Lawrenceville Plasma Physics Tungsten Electrodes will be ready in mid-May and the rest of the plan to achieve breakthrough commercial fusion to lower electricity costs by ten times

The tungsten electrodes needed for LPP’s next set of experiments are rolling forward. The electrodes are needed to eliminate impurities, and cleaner plasma is expected to raise density and yield in the tiny plasmoids where fusion reactions take place. They are on track to be installed by mid-May. The tungsten blank for the cathode (the larger outer electrode) has been completed by Tungsten Heavy Powder and is being shipped to New Jersey. There another company, New Jersey Precision Technology, will machine the block into the exact shape required, a complex process expected to take about 10 weeks.

The tungsten anode was redesigned into a plate-and-cylinder combination shape. Boththe anode and the cathode, will connect to the rest of the circuit outside the vacuum chamber. Not only will this design eliminate any possibility of plasma impurities from arcing, but by spreading the current at the join out into a larger diameter, it will eliminate any arcing at all, even at the highest currents. With the re-design, the anode, too, is now being manufactured in time for May installation.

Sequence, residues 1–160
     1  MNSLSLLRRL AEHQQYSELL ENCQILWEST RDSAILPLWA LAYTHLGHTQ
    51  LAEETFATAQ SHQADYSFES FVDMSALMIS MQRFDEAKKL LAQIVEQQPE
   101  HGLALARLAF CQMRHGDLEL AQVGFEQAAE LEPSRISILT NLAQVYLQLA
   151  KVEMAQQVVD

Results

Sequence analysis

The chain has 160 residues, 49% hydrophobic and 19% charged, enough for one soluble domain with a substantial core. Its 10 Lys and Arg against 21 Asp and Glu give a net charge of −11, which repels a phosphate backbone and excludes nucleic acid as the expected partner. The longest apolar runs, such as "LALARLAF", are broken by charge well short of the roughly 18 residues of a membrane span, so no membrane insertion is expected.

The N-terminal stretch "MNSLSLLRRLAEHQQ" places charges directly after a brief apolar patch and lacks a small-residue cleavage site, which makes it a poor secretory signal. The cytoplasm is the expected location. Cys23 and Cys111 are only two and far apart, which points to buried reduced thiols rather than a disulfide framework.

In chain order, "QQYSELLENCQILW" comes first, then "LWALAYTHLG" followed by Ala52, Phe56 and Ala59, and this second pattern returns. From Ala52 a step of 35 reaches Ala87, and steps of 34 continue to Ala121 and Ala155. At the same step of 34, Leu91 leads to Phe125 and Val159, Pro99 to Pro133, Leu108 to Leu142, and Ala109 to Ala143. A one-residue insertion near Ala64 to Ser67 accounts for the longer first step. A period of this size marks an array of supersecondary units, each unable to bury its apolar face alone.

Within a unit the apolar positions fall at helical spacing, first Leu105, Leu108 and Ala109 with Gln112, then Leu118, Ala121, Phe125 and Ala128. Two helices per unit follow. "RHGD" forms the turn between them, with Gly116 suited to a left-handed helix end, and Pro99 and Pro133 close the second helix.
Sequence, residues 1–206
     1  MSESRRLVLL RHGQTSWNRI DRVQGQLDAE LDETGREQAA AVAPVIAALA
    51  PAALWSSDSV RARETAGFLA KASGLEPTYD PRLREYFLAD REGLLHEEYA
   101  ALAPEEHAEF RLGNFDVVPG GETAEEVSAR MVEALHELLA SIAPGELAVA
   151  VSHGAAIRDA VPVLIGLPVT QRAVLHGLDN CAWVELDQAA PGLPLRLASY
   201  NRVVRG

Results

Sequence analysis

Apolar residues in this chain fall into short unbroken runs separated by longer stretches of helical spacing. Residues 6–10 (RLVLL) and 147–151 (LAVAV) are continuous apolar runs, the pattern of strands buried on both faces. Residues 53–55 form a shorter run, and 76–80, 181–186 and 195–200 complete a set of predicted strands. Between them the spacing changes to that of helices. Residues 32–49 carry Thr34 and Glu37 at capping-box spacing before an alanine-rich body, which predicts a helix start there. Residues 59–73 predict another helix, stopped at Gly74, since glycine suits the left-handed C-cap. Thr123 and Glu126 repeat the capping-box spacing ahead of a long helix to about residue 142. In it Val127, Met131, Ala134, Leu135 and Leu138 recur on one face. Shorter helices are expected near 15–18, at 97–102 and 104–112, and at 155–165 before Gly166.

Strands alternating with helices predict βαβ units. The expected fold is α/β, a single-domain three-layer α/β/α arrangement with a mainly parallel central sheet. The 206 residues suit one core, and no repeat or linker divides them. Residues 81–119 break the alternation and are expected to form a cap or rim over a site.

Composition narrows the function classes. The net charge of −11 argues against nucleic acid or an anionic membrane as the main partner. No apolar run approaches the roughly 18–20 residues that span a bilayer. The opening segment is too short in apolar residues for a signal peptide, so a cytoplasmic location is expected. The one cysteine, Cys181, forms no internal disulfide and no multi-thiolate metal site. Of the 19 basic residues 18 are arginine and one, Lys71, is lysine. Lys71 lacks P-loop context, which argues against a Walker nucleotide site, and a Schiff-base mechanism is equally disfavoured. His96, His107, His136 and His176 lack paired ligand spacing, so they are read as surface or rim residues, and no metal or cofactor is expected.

The tungsten blank, with outer diameter of 12” and total weight approaching 200 lbs, is prepped for shipping from San Diego.

60 Volunteers Helping to get crowdfunding. March 9 Meetup and April 22 Crowdfunding kickoff

60 volunteers have come forward to help by signing up at LPP’s website. In crowdfunding, contributions are solicited on central websites, such as Kickstarter or Indiegogo. The volunteers, from fifteen countries, have started to publicize the crowdfunding effort and have themselves pledged over $12,000. In addition, volunteers are starting to take on other tasks, such as selecting the best photos to upload to LPP’s new website, planned to go live in late March.

The initial crowdfunding effort is planned to kick off on Earth Day, April 22. It will aim to raise the money needed for the project’s most expensive set of equipment—the beryllium electrodes that will replace the tungsten electrodes now in the works. Beryllium will be needed for the final part of the research drive to demonstrate scientific feasibility because of the intense x-rays that will be generated as FF-1 approaches its highest performance. The x-rays are absorbed in a tiny layer of tungsten, and will vaporize it. But beryllium will be transparent to most x-rays and will spread out the rest harmlessly. However, beryllium is far more expensive than tungsten and the electrodes will cost as much as $250,000, something crowdfunding can supply.

Some History of Lawrencevill Plasma Physics from Peter Arneson the Contrarian Investor

In the 1980s, Eric Lerner turned his innovative mind from astrophysics to fusion research. His knowledge of quasars gave him an idea that others had missed. Using known laws of electromagnetism and quantum physics, he derived a mathematical model of plasma behavior in a self-squeezing magnetic bottle. This math predicts a shocking possibility: 5-megawatt fusion generators (power for 2000 homes) mass-produced for under $1M each, with trivial fuel cost, which would slash the cost of electricity by over 90% and launch civilization into a new era.